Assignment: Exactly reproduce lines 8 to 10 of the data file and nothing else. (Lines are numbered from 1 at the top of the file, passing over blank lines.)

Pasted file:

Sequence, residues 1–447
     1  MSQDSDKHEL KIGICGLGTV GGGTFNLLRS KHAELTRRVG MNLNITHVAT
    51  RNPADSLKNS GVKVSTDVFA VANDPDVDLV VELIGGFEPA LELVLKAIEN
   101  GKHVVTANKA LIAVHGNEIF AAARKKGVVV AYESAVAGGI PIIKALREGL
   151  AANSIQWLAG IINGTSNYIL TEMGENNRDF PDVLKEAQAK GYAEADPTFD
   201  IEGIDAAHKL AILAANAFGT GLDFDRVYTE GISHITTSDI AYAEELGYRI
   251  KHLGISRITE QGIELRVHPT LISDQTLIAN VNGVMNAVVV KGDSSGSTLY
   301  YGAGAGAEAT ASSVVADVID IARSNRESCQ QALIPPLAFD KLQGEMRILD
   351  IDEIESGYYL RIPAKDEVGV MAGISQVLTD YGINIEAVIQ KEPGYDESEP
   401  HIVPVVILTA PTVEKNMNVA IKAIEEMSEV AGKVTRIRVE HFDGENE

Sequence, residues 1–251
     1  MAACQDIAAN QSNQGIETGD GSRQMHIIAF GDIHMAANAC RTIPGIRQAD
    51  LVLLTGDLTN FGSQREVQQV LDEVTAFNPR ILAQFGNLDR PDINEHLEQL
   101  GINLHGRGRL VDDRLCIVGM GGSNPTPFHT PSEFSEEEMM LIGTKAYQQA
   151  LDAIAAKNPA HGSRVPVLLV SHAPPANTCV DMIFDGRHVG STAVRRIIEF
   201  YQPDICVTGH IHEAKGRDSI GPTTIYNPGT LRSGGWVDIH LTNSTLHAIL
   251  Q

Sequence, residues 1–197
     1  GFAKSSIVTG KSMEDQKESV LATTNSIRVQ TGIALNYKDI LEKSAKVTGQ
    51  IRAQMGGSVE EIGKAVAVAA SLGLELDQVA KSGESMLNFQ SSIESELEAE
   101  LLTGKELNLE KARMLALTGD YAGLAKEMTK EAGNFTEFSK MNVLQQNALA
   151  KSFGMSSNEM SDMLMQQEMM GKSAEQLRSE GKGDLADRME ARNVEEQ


   301  YGAGAGAEAT ASSVVADVID IARSNRESCQ QALIPPLAFD KLQGEMRILD
   351  IDEIESGYYL RIPAKDEVGV MAGISQVLTD YGINIEAVIQ KEPGYDESEP
   401  HIVPVVILTA PTVEKNMNVA IKAIEEMSEV AGKVTRIRVE HFDGENE